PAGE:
one of the surfaces exposed. After storage in water at 37℃ for 7 days in an incubator (Marconi, Piracicaba, SP, Brazil), the exposed composite resin surface received one of following pretreatments (12 discs per treatment): ∙ Control: No surface treatment was performed. ∙ Phosphoric acid (PA): The surface was etched with 35% PA (3M ESPE) for 15 seconds, rinsed with water for 10 seconds, and air-dried using compressed air for 10 seconds. ∙ Silane: A layer of a silane-coupling agent (RelyX Ceramic Primer, 3M ESPE) was applied and left undisturbed for 60 seconds, and then gently air-dried for 10 seconds. ∙ PA + Silane: 35% PA was applied, and the silane agent was applied after the procedures described for the PA group. ∙ PA + Adhesive: The non-solvated unfilled resin of the Scotchbond Multipurpose Plus system (3M ESPE,) was applied after acid-etching. ∙ PA + Silane + Adhesive: The composite surface was acidetched, cleaned, and silanized before application of the unfilled resin. To obtain resin cement cylinders for shear testing, elastomer molds with internal cylindrical orifices (1 mm diameter, 2 mm height) were placed over the prepared surfaces of the composite resin. The unfilled resin was photoactivated for 20 seconds (when applicable) only after positioning of the elastomer molds. The two pastes of each SARC were mixed for 10 seconds, and the mixed cement was inserted into the mold using a dental explorer. Light activation was performed for 20 seconds, the molds were removed, and the specimens were stored in 100% relative humidity. Six composite discs were used for each resin cement-composite pretreatment condition. After 24 hours, a microshear bond test was conducted on a mechanical testing machine (Instron 5940, Instron, Canton, MA, USA). A thin steel wire (0.2 mm diameter) was looped around each cylinder and aligned with the bonded interface. A shear load was applied to the base of the cylinder at a crosshead speed of 0.5 mm/min until failure. The average value of three bonded cylinders for each composite disc was recorded as the microshear bond strength (MPa) for each composite disc. Data passed the

Materials and Methods This in vitro study involved a 2 × 6 factorial design (n = 6 per group). The factors under evaluation were: resin cement (2 levels) and composite pre-treatment (6 levels). The SARCs tested were RelyX Unicem clicker (3M ESPE, St. Paul, MN, USA) and BisCem (Bisco INC., Schaumburg, IL, USA). Table 1 depicts the luting agent compositions. The SARCs were bonded to composite resin discs (2 mm height, 6 mm diameter) of Tetric Ceram (shade B3, Ivoclar Vivadent, Schaan, Liechtenstein). The response variables were microshear bond strength (MPa) to composite and failure mode. A total of 72 composite resin discs was prepared by inserting the material into a metallic mold, which was covered with a polyester strip. The composite was inserted using a bulk increment and light-cured for 45 s using a light-emitting diode unit (Radii Cal, SDI, Bayswater, Victoria, Australia) with 800-mW/cm 2 irradiance. After light-curing, the discs were removed and embedded in acrylic resin (Jet, Clássico, São Paulo, SP, Brazil), leaving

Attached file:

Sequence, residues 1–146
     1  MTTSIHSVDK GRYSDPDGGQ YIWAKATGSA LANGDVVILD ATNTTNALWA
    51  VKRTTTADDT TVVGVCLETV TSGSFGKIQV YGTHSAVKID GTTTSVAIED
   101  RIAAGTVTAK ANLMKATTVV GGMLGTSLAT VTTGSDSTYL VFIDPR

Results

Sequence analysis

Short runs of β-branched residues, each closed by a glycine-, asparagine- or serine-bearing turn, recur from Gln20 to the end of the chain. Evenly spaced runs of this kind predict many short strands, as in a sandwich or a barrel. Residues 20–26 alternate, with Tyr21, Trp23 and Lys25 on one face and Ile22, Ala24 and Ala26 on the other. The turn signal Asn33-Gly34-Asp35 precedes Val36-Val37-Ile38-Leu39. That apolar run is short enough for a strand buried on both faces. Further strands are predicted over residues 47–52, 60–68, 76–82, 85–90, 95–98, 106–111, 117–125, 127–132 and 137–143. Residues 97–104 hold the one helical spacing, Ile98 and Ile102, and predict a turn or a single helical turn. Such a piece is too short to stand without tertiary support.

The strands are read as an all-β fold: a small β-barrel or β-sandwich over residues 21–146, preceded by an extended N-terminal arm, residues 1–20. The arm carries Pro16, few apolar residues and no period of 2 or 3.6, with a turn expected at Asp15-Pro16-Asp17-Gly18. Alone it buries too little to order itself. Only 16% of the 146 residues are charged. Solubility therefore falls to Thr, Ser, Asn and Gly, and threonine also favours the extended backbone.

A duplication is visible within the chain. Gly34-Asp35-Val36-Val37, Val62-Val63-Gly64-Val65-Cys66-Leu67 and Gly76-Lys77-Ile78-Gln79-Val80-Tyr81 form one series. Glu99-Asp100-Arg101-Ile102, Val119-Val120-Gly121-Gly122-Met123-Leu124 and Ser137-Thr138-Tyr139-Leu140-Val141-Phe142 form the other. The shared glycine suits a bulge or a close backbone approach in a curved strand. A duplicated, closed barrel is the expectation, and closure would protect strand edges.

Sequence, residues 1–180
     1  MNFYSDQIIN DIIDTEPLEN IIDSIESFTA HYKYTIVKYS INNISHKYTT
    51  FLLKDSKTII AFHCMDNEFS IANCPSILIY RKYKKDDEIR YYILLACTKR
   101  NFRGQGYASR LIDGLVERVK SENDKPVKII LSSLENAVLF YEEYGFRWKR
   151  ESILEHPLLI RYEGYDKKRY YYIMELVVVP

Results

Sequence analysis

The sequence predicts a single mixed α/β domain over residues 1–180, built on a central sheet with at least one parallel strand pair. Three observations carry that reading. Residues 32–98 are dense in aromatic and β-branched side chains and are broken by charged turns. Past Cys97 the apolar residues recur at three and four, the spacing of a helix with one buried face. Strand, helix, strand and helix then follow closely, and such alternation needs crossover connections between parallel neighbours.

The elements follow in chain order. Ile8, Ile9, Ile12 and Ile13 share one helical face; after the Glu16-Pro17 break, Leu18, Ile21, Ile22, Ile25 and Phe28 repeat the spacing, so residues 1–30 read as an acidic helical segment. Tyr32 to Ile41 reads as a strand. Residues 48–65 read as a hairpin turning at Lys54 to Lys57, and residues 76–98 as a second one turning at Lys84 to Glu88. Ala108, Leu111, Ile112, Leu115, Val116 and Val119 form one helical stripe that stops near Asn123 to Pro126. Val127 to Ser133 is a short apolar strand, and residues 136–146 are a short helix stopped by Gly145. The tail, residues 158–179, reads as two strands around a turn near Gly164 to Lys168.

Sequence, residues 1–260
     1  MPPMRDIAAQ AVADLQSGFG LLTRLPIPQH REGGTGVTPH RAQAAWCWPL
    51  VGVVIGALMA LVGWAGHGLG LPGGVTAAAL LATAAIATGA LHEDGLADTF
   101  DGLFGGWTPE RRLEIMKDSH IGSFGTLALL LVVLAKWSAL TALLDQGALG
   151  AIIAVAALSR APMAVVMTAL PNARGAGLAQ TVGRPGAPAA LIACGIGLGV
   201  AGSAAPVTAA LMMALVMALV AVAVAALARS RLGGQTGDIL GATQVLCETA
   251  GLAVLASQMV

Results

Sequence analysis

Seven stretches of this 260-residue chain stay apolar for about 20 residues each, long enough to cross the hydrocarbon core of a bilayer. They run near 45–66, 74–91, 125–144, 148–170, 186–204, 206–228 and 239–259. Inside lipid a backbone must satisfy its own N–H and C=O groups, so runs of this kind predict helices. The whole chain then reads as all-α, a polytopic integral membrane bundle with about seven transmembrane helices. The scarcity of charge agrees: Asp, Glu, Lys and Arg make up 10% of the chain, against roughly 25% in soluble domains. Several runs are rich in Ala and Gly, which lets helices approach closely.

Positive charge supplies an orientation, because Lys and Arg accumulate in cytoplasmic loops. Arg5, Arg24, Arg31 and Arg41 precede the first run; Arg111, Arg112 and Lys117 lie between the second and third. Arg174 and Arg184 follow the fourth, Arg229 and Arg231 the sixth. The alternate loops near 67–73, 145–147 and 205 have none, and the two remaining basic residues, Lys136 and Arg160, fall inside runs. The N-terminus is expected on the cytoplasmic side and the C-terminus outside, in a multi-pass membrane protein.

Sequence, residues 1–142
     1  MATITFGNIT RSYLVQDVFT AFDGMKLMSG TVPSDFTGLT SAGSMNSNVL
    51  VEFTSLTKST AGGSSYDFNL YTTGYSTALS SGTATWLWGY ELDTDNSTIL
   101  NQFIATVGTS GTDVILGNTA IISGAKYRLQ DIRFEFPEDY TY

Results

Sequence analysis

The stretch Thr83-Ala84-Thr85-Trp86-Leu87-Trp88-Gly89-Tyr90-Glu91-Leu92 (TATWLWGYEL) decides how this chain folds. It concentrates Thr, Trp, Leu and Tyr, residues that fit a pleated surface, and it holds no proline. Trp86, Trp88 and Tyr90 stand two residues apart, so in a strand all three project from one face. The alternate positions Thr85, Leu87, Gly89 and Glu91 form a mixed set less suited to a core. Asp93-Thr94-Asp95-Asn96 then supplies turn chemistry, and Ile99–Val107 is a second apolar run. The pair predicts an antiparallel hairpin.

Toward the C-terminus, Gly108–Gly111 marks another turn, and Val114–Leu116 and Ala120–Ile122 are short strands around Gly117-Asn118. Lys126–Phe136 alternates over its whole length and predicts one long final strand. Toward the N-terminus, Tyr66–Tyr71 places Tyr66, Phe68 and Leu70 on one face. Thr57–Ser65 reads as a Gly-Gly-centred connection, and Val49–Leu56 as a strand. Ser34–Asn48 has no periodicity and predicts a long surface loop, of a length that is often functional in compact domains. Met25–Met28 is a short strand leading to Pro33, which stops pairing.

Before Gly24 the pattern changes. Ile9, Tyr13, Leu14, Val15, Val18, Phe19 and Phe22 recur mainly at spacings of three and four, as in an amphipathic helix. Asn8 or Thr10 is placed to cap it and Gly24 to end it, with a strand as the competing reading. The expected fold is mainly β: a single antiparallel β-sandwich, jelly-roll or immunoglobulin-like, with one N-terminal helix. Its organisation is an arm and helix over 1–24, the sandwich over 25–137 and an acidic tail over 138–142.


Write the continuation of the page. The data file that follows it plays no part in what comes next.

Table 1. Composition of the self-adhesive resin cements tested Material

Mains components*


Base: Bisphenol-A glycidyl dimethacrylate, uncured dimethacrylate monomer, glass filler. Catalyst: Phosphate acidic monomer, glass fillers.


Base: Methacrylate monomers containing acid groups, methacrylate monomers, silanated fillers, initiator components, stabilizer. Catalyst: Methacrylate monomer, alkaline fillers, silanated fillers, initiator components.

*As provided by the manufacturers.


Santos VH et al.

normality (p = 0.097) and equal variance (p = 0.067) tests, and therefore were statistically analyzed using twoway ANOVA (resin cement × composite pretreatment) and Tukey’s post hoc test (p < 0.05) using the software SigmaStat 3.5 (Systat Software, Erkrath, Germany).

Results Results for bond strength are shown in Table 2. The factors “resin cement” (p < 0.001) and “composite pretreatment” (p = 0.009) were both significant, whereas the interaction between the two factors was not significant (p = 0.105). The PA + Silane + Adhesive group showed significantly higher microshear bond strength than the PA and PA + Silane groups. There were no differences among the other surface pretreatments. Unicem showed a higher microshear bond strength than BisCem (p < 0.001), irrespective of the composite pretreatment used. A predominance (above 90%) of adhesive failures was observed regardless of the surface treatment or cement tested.

Discussion One of the main bonding mechanisms of SARCs to dental tissues is related to the reaction between the acidic monomers of the cement with calcium present in the dentin and enamel, as SARCs present limited ability to produce an effective hybrid layer.17-20 However, the chemical reaction is limited when SARCs are bonded to the composite resin used as a core. Additionally, the chemical reaction between SARCs and dental calcium aids in buffering the pH of the cement and improves its mechanical properties. 21,22 Theoretically, chemical bonding between methacrylate monomers is the main bonding mechanism between SARCs and composite resin. However, there is a reduced amount of unreacted monomers on the surface of cured composite resin to react with the cement.13,14 In the present study, no